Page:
S. Reece & S. Stammers
S. Reece & S. Stammers

Infectious disease agents, like other organisms, can evolve by natural selection.  Strong immune responses that kill parasites within hosts, for example, can weed out those parasite strains that are especially vulnerable to immune attack.   And any mosquito-borne parasite strains that do not circulate at the right place and time to be picked up by a feeding mosquito will likewise be eliminated. But how do selection pressures operating within hosts and those operating on transmission between hosts jointly shape the evolution of infectious diseases? This apparently straightforward question has proven difficult to answer.

But how do selection pressures operating within hosts and those operating on transmission between hosts jointly shape the evolution of infectious diseases?

K. Paaijmans
Malaria sporozoites; K. Paaijmans

We must answer that question for a variety of infectious diseases if we are to tackle clinically important questions such as these:  Which medical interventions are least likely to select for drug resistance in malaria parasites?  How does immunopathology associated with humans’ innate immune response to influenza affect the population level dynamics of flu epidemics and pandemics?  Can vaccine-driven evolutionary pressure within hosts explain the resurgence of pertussis in developed countries such as the United States?

To address questions such as these, our NSF-funded Infectious Disease Evolution Across Scales (IDEAS) Research Collaboration Network (RCN) facilitates communication and collaboration between theoretical and empirical scientists and between biomedical researchers and evolutionary ecologists studying the infectious diseases at multiple biological scales (from molecules to populations).  IDEAS was conceived in an effort to bridge the gap between disciplines that ask fundamentally similar questions but with very different approaches.  We believe that joining forces will offer benefits of efficiency, greater accuracy and more rapid progress in multi-scale analysis of parasite evolution.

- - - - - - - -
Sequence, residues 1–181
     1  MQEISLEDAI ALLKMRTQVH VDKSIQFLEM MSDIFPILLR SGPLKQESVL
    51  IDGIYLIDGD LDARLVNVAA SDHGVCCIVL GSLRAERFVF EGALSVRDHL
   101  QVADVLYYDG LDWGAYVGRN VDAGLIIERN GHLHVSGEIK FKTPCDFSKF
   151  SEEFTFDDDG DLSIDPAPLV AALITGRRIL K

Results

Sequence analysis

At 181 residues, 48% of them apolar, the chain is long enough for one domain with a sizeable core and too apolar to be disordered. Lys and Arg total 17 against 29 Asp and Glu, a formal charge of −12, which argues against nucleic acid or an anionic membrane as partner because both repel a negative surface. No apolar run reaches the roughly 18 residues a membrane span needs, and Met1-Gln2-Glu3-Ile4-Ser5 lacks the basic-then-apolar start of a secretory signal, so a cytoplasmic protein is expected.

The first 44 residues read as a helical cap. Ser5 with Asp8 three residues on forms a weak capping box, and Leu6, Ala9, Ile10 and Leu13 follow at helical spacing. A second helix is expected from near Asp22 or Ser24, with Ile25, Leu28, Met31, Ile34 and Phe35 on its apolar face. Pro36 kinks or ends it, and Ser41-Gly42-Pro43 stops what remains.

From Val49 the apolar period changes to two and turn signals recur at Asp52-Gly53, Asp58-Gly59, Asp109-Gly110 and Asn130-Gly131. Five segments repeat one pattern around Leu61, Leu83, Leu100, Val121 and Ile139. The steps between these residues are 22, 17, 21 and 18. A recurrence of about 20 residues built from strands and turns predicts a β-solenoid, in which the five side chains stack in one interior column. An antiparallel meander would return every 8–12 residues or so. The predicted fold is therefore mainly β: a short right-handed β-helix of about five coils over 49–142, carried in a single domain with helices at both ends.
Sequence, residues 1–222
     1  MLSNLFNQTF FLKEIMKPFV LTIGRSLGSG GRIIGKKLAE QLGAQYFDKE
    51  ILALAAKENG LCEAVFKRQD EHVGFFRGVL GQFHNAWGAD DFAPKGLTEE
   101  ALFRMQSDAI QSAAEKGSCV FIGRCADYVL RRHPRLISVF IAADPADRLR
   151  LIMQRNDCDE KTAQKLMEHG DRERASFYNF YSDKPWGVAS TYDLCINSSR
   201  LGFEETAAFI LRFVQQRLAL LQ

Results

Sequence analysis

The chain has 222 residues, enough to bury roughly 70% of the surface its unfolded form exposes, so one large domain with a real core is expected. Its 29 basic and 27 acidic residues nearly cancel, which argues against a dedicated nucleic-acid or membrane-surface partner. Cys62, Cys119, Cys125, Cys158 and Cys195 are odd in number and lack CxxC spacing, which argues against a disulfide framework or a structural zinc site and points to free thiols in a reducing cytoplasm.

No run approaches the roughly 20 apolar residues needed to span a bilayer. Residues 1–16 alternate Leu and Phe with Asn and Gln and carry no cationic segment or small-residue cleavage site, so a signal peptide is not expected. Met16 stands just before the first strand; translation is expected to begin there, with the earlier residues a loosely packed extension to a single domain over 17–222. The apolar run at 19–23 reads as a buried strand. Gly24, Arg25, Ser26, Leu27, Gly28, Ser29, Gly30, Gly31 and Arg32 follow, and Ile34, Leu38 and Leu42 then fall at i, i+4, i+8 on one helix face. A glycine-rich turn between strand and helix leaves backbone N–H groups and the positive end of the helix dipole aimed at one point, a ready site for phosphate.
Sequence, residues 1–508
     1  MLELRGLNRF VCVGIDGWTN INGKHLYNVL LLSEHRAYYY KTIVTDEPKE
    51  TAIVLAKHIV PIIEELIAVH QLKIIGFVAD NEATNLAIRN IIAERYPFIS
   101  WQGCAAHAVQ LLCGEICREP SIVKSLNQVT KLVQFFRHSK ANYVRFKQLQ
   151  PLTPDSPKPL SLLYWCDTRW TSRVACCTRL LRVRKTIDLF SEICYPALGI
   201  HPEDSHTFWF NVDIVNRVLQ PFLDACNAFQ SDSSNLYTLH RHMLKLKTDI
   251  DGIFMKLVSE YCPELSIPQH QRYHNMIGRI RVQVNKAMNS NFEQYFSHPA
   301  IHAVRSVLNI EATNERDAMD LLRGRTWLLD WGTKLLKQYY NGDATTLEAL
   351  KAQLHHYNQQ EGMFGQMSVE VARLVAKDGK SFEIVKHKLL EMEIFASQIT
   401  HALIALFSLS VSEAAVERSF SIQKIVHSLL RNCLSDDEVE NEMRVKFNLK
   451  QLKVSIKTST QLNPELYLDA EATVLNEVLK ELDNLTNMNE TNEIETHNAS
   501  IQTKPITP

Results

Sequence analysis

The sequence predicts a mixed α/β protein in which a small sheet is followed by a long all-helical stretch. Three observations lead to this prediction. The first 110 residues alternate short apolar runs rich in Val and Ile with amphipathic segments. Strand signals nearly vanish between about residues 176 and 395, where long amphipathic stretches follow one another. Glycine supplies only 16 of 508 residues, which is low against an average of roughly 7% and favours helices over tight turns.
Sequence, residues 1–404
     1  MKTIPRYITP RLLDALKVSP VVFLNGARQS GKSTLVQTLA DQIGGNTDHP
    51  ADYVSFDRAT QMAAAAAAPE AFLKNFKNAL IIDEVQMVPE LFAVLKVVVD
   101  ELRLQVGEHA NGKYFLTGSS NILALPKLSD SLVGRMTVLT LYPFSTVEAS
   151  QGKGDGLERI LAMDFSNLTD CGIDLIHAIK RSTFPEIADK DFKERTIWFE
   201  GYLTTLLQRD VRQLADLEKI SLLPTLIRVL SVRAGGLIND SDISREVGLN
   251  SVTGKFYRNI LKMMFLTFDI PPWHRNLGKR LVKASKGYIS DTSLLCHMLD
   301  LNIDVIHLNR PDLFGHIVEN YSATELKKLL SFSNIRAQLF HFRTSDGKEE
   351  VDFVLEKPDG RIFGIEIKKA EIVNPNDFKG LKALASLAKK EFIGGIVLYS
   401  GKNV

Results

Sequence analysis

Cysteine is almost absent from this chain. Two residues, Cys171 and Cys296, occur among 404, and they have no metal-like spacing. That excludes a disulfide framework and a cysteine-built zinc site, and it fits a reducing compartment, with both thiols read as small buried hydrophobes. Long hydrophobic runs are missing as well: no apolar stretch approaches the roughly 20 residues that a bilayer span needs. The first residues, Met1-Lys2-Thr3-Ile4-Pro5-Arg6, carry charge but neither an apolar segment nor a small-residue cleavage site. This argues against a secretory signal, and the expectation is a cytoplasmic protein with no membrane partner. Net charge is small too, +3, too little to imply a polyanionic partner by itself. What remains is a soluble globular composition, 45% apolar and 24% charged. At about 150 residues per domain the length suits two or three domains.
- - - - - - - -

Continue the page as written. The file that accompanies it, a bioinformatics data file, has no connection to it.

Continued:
S. Reece & S. Stammers
Anopheles stephensi; S. Reece & S. Stammers

Our Aims:

1) Answer basic and applied questions in the evolutionary ecology of infectious diseases via an explicitly quantitative and cross-scale approach. Our work extracts maximal information from experimental data, tests evolutionary hypotheses, identifies key data gaps and proposes new experiments to close those gaps.  This leads to new scientific papers and new grant proposals as well as new public understanding of science.  We also aim to design “evolution proof” medical interventions that will maintain efficacy.

2) Develop a public repository for datasets with linked methods/tools for mathematical modeling and statistical analysis. This resource will allow others to validate and extend our work and will also provide detailed examples that we hope would inspire and inform analyses of other systems.

3) Create an archive of teaching modules to improve evolutionary biology education. This resource will be available to institutions who do not currently offer such coursework as well as those who do but may benefit from improving their existing curricula at the interface of evolutionary biology and biomedicine.

Our Activities:   We will achieve these aims with a combination of Research Exchanges, Workshops, and Developed Resources.

Please note that we share the IDEAS acronym with the University of Georgia’s Interdisciplinary Disease Ecology Across Scales, an NSF-supported research traineeship program aimed to train PhD students in new ways to solve infectious disease problems occurring at the interface of different scales of biological organization. While we are working toward a common cause, our programs are distinct.
Click here to learn more about Odum School of Ecology’s program